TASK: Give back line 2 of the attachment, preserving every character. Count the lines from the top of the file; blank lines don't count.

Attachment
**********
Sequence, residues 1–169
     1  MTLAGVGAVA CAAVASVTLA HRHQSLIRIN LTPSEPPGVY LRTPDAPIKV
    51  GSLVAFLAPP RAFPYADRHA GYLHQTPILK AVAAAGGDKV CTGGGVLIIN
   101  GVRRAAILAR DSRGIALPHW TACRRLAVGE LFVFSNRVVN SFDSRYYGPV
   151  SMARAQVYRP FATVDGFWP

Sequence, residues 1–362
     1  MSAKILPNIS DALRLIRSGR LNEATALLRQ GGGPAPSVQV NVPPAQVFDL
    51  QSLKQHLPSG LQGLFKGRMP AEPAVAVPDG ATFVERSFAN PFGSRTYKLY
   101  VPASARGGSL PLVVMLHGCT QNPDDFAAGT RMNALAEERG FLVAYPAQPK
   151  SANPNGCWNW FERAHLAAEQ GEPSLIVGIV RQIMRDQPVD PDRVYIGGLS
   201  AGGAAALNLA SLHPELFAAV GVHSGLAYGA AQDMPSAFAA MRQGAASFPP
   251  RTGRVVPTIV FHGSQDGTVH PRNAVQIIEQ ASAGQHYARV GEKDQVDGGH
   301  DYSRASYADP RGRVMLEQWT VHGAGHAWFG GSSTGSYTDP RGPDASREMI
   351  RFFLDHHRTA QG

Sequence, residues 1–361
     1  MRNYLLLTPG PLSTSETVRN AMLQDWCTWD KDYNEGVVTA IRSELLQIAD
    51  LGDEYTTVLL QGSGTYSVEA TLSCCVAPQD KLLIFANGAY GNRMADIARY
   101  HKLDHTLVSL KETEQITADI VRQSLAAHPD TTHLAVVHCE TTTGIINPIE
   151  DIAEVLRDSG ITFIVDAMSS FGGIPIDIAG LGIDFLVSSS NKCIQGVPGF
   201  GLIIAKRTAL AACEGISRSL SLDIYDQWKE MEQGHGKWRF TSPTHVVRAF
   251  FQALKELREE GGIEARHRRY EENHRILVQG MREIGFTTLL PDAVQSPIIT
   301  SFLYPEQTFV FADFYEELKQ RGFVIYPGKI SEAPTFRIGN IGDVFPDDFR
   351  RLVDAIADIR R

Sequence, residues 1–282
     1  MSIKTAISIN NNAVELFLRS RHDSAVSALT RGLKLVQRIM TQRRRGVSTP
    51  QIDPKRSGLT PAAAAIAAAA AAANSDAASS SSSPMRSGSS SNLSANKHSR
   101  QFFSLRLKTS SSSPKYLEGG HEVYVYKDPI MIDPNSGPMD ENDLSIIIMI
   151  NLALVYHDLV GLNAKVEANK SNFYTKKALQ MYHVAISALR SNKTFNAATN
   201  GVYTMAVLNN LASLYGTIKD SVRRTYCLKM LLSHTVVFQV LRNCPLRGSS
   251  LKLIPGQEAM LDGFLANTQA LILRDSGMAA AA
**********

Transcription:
     1  MTLAGVGAVA CAAVASVTLA HRHQSLIRIN LTPSEPPGVY LRTPDAPIKV